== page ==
An Englishman's house is the Councils
Council tax inspectors will be given the right to enter homes and fine householders who refuse to cooperate under a new property revaluation scheme, the Conservatives claimed last night.
They accused ministers of "covertly" pushing through new laws that would give the inspectors power to levy fines of up to £1,000 to back up a revaluation that could see council tax bills soar.
The new powers are due to be rubber-stamped today by a little-noticed committee of MPs dealing with delegated legislation reforming the domestic rating system in Northern Ireland.
The Conservatives said Ulster was being used as a testing ground for a looming council tax revaluation in England, which will put extra charges on homes that have double glazing, a scenic view, a swimming pool, or have more bedrooms than average.
The order extends the power of entry for gathering information to domestic properties in Northern Ireland, and obliges the occupier to give reasonable assistance when information is being sought for valuation.
Where a person fails to give reasonable assistance to a valuation officer, they will be guilty of a new offence and liable to a fine of up to £1,000. The offence will be recorded by local police and courts. A further £200-a-day fine can be imposed if householders continue to refuse to cooperate.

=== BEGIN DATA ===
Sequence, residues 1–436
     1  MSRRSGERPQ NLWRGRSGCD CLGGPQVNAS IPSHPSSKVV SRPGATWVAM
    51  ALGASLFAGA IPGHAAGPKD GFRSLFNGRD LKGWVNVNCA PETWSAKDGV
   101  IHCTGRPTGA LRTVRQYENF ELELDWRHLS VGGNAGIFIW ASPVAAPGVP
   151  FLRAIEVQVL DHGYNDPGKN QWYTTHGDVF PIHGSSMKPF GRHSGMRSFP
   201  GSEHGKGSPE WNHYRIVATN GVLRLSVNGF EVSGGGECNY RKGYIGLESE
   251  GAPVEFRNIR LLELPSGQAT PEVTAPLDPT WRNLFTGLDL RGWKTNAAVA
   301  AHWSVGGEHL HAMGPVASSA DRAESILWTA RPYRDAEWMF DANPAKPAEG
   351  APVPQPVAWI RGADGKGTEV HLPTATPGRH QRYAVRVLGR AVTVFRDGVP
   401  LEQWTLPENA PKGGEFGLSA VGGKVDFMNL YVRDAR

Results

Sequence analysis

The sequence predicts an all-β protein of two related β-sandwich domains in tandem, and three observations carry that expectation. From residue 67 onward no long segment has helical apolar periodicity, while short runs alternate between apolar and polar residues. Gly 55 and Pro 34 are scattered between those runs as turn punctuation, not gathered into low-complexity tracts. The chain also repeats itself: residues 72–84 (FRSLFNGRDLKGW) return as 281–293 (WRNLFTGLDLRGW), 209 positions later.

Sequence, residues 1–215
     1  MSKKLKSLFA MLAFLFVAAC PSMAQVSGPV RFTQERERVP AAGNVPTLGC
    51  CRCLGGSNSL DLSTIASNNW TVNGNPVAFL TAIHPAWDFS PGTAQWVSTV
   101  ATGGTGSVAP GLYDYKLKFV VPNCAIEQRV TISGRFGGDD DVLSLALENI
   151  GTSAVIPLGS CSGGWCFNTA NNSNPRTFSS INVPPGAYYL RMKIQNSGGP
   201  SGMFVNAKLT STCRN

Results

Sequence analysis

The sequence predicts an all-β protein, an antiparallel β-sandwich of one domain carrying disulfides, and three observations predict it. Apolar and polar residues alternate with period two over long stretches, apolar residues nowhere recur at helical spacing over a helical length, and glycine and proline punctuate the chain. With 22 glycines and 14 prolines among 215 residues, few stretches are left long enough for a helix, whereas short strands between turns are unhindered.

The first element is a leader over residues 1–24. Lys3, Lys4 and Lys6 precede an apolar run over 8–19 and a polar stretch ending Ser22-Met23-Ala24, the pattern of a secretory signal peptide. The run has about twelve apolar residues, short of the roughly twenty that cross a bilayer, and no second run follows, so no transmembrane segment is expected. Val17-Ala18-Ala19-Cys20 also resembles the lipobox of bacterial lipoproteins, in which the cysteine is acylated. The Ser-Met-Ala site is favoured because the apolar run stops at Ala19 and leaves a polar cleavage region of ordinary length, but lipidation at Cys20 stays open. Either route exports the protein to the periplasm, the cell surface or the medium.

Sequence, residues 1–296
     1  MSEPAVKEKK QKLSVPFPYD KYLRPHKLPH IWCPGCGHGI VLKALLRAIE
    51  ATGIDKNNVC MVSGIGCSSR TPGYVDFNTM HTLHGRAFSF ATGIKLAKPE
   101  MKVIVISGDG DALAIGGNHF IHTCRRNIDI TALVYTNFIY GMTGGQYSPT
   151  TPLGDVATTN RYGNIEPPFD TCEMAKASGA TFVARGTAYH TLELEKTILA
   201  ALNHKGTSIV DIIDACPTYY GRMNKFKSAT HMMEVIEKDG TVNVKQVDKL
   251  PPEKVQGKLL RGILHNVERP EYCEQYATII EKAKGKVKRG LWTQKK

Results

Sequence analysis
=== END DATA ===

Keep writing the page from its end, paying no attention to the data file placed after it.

The powers are tougher than those already in England, where a fine of up to £500 can be imposed on anybody who "intentionally obstructs" Valuation Office Agency inspectors.
We have covered the existing law here before and how Labour lied about it last December - so don't believe any denials you hear today.
Snodgrass is going to come barging in photographing the inside of your home whether you want him to or not.